Slips and Docks

Even though we had snow here yesterday many boaters have set their sights on a date for launching their boat here in West Michigan. The weather is showing signs of improving, and that means it’s time to get to work. Cleaning, tune-ups, oil changes, and more need to be done to make the boat reliable before heading out anywhere far, but there are other responsibilities at hand as well. For people who slip their boat for the season, it’s time to inspect the lines and available mooring gear.

Docking or slipping a boat without proper lines is like leaving your car in neutral instead of park. There is a chance nothing bad will happen, but it’s more than likely some damage will occur if the car starts to roll. Boats need to be properly and securely tied to the dock or seawall where it is left unattended, and the dock lines need to be configured correctly to keep the vessel from damaging itself or other boats and structures.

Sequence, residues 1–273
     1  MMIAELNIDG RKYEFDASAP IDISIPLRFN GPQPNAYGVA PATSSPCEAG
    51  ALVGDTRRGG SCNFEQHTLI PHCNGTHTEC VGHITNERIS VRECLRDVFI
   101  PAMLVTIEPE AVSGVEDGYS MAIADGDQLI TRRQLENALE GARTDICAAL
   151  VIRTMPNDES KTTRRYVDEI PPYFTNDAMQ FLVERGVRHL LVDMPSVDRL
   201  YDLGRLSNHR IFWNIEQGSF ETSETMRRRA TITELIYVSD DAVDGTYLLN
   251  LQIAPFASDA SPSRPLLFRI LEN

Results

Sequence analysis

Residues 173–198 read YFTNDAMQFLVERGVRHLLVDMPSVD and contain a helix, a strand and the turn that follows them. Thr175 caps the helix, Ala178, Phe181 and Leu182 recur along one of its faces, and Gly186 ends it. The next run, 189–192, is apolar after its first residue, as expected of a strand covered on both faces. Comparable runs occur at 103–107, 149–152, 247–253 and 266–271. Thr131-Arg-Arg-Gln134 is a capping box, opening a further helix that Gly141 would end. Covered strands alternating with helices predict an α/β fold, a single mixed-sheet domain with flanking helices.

Before you even think about heading to the slip, take the lines out of their winter storage hiding places and lay them out for inspection. Look for rot and frayed sections, and make sure splices are secure. Be sure the lines are long enough to reach the pilings or cleats you’ll need to use. Don’t skimp on dock lines, replace or add any as needed before you hit the water.

Spring lines are often overlooked and can be the best way to prevent damage without restricting your ability to board the boat. Stern lines should be crossed to allow for changes in water levels without giving the boat too much lateral movement in the slip as the water rises or lowers. A good boat hook can allow the Captain to reach the lines from the boat much easier, which can also counter a decision to take the easiest path when tying up instead of the proper one. And although bumpers or fenders are useful, they should not be the cure-all for keeping teh boat from becoming damaged. There is no substitute for properly securing the vessel.

The worse thing a boat owner can find when he’s driven down to the boat is that it’s full of water, but a close second is finding it has beaten itself against the pilings or seawall in a heavy wind. Take the extra time and effort to carefully and securely tie off the boat and you’ll take one more step to ensuring a trouble free season.

See you on the water…